For a long while there was nothing. The ground was treacherous and the going was slow. And then: a whisper. A breath. And an unmistakable roar. My breath began to rasp in my throat, and my muscles burned in the cold as I quickened my pace. The sound of running water pulled me like a magnet towards it, even as my head was filled with the clamour of Lord Dolsen’s screams, and the frightened eyes of his raven-haired child.
“Nearly there, nearly there,” I whispered into the air, my feet pounding over the hardened ground. What would I find down by the water?
My mind was full of pictures of fairy traps, of three children playing together one long ago summer, of green eyes and a crown made of twigs, and of a voice calling me to come to him and play. All of a sudden, the ground rose into a mound of steep-banked ice, and before I could slow down, my foot caught on a root hidden beneath the snow. For a singular moment, both of my feet went out from under me, and as I reached out for purchase with my arm, a sudden sharp pain glanced through my hand and I hit the forest floor with an echoing thud.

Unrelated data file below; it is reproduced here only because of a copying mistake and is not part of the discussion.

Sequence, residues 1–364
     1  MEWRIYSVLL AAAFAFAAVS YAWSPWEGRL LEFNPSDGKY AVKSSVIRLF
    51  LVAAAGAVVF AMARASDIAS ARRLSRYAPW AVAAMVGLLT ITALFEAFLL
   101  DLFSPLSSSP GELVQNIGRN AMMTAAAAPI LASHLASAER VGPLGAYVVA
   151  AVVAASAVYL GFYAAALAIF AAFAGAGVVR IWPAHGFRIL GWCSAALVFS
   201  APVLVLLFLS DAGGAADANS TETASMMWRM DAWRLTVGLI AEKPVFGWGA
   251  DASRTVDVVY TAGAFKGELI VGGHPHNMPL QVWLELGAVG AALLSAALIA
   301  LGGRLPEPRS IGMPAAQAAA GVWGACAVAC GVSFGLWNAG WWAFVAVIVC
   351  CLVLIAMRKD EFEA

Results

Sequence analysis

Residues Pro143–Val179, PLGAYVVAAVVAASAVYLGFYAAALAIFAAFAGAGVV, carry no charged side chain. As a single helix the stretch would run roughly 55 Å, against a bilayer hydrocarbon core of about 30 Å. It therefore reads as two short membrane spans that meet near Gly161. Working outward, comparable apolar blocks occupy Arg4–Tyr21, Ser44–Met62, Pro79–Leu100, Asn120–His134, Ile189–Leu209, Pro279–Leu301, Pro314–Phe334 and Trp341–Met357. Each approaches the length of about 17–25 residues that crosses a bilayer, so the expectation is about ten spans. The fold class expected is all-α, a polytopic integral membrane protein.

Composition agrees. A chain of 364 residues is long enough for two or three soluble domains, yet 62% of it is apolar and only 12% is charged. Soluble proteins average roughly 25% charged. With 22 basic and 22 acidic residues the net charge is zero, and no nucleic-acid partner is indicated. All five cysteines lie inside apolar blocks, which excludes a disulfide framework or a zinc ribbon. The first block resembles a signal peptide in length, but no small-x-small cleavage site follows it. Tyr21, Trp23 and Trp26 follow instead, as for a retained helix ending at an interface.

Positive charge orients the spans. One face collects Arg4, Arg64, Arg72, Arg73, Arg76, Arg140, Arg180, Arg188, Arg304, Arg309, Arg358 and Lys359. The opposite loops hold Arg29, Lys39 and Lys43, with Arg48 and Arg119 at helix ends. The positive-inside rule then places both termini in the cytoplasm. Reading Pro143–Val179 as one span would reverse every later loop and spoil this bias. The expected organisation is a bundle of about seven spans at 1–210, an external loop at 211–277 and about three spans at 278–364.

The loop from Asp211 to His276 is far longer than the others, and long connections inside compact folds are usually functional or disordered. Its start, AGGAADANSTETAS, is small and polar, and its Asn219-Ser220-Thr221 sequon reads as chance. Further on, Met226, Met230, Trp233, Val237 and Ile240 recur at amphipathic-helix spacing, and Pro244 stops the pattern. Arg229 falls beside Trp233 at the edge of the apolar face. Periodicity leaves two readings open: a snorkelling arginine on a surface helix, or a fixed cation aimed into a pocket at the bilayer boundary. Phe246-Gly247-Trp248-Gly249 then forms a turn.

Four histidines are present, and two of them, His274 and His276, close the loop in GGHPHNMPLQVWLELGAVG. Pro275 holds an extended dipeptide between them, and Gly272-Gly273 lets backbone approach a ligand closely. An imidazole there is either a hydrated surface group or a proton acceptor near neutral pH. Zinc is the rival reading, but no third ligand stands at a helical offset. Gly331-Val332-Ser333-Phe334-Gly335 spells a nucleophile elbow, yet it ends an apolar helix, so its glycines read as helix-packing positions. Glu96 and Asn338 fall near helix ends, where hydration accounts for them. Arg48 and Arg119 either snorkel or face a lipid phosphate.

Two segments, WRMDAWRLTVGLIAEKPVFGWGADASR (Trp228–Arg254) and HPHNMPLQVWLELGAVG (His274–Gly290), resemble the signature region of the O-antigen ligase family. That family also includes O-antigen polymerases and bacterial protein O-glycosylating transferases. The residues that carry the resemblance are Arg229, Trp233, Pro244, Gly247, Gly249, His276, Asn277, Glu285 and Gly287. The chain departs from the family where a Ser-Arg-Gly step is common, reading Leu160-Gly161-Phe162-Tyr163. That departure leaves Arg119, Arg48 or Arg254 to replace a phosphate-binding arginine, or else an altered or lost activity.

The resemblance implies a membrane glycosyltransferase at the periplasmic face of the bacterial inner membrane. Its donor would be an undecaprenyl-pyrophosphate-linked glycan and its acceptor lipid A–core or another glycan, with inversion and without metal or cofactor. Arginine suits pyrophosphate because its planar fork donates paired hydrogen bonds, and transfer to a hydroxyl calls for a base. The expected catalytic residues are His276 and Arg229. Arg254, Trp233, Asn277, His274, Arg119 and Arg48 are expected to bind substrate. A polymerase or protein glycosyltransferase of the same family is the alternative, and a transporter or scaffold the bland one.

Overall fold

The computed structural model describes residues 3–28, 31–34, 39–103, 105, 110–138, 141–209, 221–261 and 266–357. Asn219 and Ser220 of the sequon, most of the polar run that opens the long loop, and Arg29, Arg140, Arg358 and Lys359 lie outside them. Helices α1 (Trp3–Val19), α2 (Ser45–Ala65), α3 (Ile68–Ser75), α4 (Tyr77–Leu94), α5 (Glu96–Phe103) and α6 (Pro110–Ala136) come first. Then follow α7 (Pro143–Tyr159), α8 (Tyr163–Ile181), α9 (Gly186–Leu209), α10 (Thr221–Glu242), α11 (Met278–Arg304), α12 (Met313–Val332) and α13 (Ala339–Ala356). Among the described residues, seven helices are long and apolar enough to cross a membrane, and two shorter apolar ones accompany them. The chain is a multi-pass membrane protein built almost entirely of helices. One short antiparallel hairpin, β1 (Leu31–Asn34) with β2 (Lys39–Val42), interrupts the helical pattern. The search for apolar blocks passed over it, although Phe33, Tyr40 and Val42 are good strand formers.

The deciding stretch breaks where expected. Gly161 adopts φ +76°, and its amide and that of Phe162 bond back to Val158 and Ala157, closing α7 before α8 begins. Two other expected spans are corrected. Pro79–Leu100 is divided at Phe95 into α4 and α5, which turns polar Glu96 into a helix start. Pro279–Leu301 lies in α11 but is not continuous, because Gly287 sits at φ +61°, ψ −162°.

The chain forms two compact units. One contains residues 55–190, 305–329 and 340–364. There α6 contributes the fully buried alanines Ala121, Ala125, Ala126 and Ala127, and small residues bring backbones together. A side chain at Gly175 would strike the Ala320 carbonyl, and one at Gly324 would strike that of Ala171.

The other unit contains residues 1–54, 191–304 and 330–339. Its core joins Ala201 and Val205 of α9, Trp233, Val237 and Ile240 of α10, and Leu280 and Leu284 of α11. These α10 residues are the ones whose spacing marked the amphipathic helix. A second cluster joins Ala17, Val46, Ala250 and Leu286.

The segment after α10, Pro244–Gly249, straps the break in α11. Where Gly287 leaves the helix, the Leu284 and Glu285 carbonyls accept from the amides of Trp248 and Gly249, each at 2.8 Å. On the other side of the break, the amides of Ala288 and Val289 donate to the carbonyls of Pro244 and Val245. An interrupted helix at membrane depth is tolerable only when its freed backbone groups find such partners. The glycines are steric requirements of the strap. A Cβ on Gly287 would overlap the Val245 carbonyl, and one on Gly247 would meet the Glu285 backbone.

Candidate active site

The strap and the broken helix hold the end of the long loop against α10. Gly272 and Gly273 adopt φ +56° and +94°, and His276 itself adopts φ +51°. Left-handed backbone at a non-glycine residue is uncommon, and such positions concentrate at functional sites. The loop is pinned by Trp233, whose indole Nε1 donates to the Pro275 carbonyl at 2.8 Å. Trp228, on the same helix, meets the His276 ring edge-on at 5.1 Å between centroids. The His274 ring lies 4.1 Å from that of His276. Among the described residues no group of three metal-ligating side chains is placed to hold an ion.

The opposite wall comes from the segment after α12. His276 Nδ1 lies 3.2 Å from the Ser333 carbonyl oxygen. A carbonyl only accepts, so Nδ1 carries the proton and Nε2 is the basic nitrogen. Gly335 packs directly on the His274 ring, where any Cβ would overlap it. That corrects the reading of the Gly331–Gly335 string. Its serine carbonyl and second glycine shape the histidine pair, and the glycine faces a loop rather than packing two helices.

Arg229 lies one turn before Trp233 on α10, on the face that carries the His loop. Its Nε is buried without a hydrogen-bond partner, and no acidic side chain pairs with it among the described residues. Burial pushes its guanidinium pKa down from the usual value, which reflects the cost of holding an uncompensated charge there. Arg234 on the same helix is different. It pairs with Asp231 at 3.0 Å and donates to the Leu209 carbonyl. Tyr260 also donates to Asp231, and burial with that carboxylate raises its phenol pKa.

Blood fell in hot droplets onto the snow. I lay perfectly still on my back, staring up at a scrap of white sky, and feeling the trickle of heat drain from my palm and across the frost-bitten ground. Tentatively, I flexed first my fingers, then my toes, and by degrees became certain that nothing was broken. My head pounded where I’d hit it, and the thick ice on the branch I’d grabbed for had torn straight across my palm. Against the bright white of the snow, the redness of my blood seemed a wonder, but although the edges of the cut were jagged, it didn’t seem to be very deep.
“Don’t laugh!” I shouted. “It’s your fault anyway!”